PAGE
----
By this point in the trail it was clear that I was physically capable of reaching the end. My only limiting factor, barring a freak accident, was time. I had a deadline that was suddenly uncomfortably close. Through the second half of the trail I’d kept a loose eye on the numbers and knew I needed to average 15 miles a day to finish. I knew the Whites and Maine were going to be tough so I set myself the goal of doing 17 miles a day in order to buy back some time before then. Although that may not be a long day by some people’s standards, when you’re doing that every day without a break on terrain that has suddenly got a lot more hills in, it takes its toll. I’d decided to do neros instead of zeros to try to keep this average up, and as a result I hadn’t taken a full day off since Pennsylvania (about 500 miles ago). I was exhausted and was not enjoying hiking. This made reuniting with the rest of the lads even better as they persuaded me to join them on their zero in Hanover and it wasn’t until I took that day off that I realized how tired I really was.
High: Reuniting with the lads
We knew we were catching up to a group of friends whom we’d known since the start but hadn’t seen since the Mason-Dixon Line. We’d been trying to guess where we’d finally catch them by looking at their Instagram posts and shelter log entries. Then one evening I came out of the trees after a particularly steep climb and there they all were, with their tents pitched ready to watch the sunset. We stayed with them that night and two days later we made ourselves an official tramily by buying Hawaiian shirts to match theirs. The shirts obviously worked as we stuck loosely together all the way to the summit of Katahdin.
Low: The Whites – Moosilauke to Kinsman
“The descent from Moosilauke was the hardest descent I’ve ever done. 1.3 miles of the trail took well over an hour and parts of it were not only difficult but dangerous. The steep, slippery, wooden steps on the rocks were some of the easier parts. After this was Wolf Mountain. I’ve not met a single hiker with a good thing to say about Wolf Mountain. It looked small on the map but the trail over it was in poor shape, with mud, rocks, fallen trees and a steep climb. The next morning was equally rough, with the descent of Wolf Mountain and a steep climb up South Kinsman. For me this was the hardest climb on trail so far. Every corner I went round showed me more rocks stretching up and away as far as I could see. A lot of the time you had to use all four limbs and several trees to get over them. This type of terrain is fun but gets tiring very quickly, and being in the low spirits that I was it made me feel like the top of the hill, and Katahdin, might never come.” I think this extract from my Instagram post says it all.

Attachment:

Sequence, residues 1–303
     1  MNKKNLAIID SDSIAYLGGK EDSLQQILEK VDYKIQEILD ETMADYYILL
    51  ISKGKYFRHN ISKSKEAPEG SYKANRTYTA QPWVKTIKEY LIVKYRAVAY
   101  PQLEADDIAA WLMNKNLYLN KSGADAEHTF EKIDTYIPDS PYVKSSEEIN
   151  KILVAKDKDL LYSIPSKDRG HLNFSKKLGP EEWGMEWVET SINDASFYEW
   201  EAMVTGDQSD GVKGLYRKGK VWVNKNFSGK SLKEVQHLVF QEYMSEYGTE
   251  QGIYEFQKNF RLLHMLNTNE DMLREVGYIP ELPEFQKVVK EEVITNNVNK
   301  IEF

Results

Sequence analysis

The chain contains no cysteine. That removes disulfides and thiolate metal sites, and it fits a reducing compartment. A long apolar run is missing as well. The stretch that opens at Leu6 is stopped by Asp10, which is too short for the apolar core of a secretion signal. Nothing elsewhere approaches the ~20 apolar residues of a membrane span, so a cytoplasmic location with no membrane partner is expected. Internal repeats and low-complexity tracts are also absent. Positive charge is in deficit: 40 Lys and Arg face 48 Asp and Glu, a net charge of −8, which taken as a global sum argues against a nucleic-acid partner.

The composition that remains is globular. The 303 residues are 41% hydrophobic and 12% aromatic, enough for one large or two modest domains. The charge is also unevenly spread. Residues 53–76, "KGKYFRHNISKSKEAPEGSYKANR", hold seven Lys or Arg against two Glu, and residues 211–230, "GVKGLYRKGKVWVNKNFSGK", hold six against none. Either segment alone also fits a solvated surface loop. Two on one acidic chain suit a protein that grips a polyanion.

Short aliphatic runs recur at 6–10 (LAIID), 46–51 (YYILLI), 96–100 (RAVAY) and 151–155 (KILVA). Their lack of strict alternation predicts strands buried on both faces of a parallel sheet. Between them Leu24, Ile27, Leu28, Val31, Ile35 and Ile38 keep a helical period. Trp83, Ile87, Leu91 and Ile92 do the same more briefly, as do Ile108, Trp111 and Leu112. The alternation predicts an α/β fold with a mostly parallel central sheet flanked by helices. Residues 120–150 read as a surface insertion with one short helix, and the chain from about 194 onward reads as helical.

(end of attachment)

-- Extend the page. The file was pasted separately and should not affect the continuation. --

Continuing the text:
High: The Whites – Franconia Ridge
Franconia Ridge was one of the most beautiful sections of the entire AT. It is a ridge that is completely above treeline for several miles, offering 360-degree views the whole way along. We were so lucky to be up there on a day with completely clear skies, giving a perfect blue backdrop to the stunning views. This was also the only section of the trail where our newly formed tramily actually hiked together so we were able to enjoy each others company as well as the scenery.
Low: The rain in Maine falls mainly on the ROCKS
We finished our first day in Maine just after Mahoosuc Notch, the so-called “hardest mile” of the AT. Although I’d probably agree more with the people who say it’s the most fun mile of the trail, it still felt like a big accomplishment to get through it. That night Maine rewarded us with a torrential downpour for the whole night. By the time I went to sleep my tent was completely flooded and I had to lie very still and hold my quilt tightly around me so that it didn’t dip into the water. It then rained off and on for the rest of the week. Southern Maine is known for its steep, technical climbs. The rain made all these rocks super slippery and I still don’t know how I survived it without breaking a bone.
“Above treeline things got more serious. I wondered beforehand why I’d never seen any pictures of the ascent of Katahdin, I soon realized that it’s because the climb is so steep and technical that everyone has their phones stowed away. Overall the climb wasn’t as scary as I expected but there were several sketchy moments. After tackling a few scary rocks with big drops on either side a few doubts came into my mind. What if I found a rock I couldn’t get over? What if I’d come all this way only to be defeated at the final hurdle?” – From my Instagram.
It wasn’t until I was up on the Tablelands of Katahdin that I finally said out loud, “Y’know, I think I might actually make it.” Slouch and FUJ, both of whom I’d known since day one, found this very funny. But I was, for the most part, being sincere.